Snipes acquitted in tax case
EmptyOCALA, Fla. -- Wesley Snipes was found not guilty of federal tax fraud and conspiracy charges Friday but was convicted on three misdemeanor counts of failing to file a tax return.
Snipes and two co-defendants, a delicensed accountant and a tax protest leader, were indicted in 2006. Snipes faced six additional counts of willful failure to file a tax return from 1999-2004, a period in which he signed two contracts for more than $10 million on sequels in the "Blade" trilogy. He was acquitted on three of those and convicted on the others. He could be sentenced to three years in prison after originally facing a possible 16 years.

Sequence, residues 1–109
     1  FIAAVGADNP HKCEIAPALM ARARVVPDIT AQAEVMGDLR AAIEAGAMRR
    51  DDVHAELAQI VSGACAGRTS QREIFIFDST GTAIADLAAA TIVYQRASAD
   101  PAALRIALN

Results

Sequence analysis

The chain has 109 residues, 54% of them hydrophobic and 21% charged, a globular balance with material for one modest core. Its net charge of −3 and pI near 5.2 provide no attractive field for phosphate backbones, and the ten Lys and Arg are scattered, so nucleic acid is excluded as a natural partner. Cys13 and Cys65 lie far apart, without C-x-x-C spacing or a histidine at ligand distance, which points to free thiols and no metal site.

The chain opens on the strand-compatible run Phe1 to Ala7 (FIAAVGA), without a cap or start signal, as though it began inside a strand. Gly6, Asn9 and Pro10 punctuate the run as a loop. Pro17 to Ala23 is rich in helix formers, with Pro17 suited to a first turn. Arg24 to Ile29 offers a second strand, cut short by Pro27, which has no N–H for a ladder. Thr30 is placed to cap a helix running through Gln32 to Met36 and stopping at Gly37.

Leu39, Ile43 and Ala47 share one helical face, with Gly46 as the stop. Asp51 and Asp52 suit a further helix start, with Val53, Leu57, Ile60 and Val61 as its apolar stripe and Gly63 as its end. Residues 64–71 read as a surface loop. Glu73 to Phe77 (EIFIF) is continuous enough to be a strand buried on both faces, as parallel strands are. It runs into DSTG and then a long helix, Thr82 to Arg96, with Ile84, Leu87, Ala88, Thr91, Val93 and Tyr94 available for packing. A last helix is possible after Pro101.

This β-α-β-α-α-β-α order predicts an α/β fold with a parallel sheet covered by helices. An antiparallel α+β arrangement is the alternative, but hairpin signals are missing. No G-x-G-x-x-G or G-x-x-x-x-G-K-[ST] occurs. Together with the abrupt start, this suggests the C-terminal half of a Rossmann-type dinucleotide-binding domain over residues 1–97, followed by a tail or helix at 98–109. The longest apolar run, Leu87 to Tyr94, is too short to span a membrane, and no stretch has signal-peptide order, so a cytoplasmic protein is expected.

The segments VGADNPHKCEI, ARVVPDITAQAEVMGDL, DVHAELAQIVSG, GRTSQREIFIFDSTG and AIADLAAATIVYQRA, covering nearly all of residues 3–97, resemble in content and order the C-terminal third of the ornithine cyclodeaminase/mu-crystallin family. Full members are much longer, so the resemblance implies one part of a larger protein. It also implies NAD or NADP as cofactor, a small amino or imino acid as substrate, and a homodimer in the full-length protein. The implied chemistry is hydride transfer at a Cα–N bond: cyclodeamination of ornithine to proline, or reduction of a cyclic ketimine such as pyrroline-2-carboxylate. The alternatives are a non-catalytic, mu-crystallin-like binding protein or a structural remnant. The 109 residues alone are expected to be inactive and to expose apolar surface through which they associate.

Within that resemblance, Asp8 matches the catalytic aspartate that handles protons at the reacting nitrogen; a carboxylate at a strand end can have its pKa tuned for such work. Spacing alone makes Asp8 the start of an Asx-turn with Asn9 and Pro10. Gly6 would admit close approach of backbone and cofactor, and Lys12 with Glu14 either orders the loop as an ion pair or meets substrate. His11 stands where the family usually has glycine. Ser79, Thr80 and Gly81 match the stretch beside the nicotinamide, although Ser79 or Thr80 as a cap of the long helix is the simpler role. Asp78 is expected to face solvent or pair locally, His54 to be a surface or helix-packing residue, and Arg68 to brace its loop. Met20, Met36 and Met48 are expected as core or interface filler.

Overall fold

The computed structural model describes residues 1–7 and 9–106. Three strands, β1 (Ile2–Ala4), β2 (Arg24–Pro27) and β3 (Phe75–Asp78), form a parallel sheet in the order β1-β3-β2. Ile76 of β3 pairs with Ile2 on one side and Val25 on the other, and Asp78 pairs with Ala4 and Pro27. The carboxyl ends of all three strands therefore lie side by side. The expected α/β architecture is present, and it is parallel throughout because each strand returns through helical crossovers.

Co-defendants Eddie Ray Kahn, the founder of a tax protest group, and Douglas P. Rosile, a delicensed accountant, were convicted by the same jury of tax fraud and conspiracy.
Snipes, who starred in the "Blade" films and "White Men Can't Jump," is among the most famous targets of an IRS criminal investigation, and his prosecution was key for the government. The actor used tax protest arguments long rejected by courts but still continuing to find adherents.
For example, Snipes said the IRS's own code meant no citizen had to pay taxes on income earned in this country, and the agency had no legal authority to collect wages anyway, because it is not a proper government entity.